Comic Picks By The Glick

Skullkickers vol. 2: Five Funerals and a Bucket of Blood

November 26, 2011

The first volume of this series was something that I wanted to like more than I actually did.  A thoroughly irreverent take on some traditional fantasy tropes, its wiseass sensibility only took it so far.  Unless you’re very, VERY good, then at some point you’ll actually need to start adding some actual substance to the style that is the foundation of your narrative.  For volume two, writer Jim Zub has decided that the way to proceed is to add even MORE style along with a tiny bit of depth as well.

In short, the dwarf and the big guy are being carted off to the capital city of Urbia to receive their reward for saving the town of Mudwich back in vol. 1.  If you guessed that the six issues collected here don’t involve our protagonists living the high life without a care in the world, then give yourself a gold star.  They find themselves not only framed for the murder of the nobles they were dining with, but also mixed up with the local thieves guild and a cabal of foul-mouthed faries determined to bring back nature at the expense of most of its inhabitants.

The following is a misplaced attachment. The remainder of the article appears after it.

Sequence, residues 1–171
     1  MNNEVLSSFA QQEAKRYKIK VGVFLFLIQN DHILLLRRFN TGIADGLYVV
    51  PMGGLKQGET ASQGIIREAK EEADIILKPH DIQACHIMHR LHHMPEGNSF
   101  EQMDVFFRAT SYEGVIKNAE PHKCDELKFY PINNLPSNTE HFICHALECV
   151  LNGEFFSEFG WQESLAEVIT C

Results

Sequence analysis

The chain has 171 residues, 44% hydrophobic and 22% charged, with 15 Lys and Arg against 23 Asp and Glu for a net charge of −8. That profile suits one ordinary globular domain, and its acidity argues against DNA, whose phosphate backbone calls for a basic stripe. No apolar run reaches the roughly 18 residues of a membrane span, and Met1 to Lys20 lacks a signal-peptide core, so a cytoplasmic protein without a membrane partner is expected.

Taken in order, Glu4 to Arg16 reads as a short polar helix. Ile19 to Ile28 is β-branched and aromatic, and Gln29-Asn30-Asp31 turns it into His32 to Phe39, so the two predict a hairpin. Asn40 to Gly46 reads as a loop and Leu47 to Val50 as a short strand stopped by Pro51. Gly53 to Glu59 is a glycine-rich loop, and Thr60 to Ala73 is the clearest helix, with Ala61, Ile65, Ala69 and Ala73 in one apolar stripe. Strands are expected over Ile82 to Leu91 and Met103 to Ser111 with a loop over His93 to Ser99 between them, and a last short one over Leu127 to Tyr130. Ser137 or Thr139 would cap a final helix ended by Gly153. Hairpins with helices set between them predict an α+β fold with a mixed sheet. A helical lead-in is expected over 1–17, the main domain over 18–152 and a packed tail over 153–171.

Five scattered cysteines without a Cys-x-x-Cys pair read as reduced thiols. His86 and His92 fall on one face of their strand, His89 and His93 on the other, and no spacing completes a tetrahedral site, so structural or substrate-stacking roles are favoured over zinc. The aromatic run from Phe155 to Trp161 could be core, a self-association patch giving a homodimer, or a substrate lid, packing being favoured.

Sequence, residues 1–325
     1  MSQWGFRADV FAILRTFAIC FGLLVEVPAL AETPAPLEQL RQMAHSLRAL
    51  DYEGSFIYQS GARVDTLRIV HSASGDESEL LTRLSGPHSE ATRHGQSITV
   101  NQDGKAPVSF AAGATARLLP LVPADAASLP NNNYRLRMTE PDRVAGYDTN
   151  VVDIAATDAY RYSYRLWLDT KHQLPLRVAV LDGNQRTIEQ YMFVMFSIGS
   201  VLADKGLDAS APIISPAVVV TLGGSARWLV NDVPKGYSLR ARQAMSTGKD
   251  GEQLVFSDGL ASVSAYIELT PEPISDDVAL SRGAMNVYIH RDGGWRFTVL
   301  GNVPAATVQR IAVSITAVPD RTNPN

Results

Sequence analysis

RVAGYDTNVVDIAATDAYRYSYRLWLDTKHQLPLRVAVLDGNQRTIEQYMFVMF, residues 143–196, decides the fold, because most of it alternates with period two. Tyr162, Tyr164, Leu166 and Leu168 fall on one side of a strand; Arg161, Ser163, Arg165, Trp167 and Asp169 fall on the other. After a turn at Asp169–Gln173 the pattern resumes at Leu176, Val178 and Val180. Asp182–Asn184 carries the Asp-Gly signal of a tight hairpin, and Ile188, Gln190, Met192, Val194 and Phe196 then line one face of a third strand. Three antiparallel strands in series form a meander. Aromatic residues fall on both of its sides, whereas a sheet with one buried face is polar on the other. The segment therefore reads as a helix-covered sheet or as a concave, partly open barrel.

The material still isn’t quite at the level it should be, but this was a step in the right direction.  With the various factions involved in the conflict, the protagonists have a larger group to interact with, which leads us to a greater variety of insults, beatings, stabbings, murders, poisonings and resurrections.  Sometimes more than one at a time.  Though the characters don’t have much more depth beyond their one-dimensional personalities, we at least have the mysteries of the dwarf’s bull-god visions and the big guy’s ability to speak the language of the forest to ponder as well.  The last page of the main story also provides a lead-in to the next arc, but after reading this I think it’s worth buying without the incentive.

We’re also treated to a single-issue anthology titled “Four Tavern Tales,” featuring stories written by Chris Sims, Brian Clevinger, Ray Fawkes and Adam Warren, and illustrated by a talented variety of artists.  The stories themselves are very much “style over substance” like the main series, but that’s fine for their five-to-eight-page length.  These were a nice diversion, and I’d welcome more issues like this in the future.

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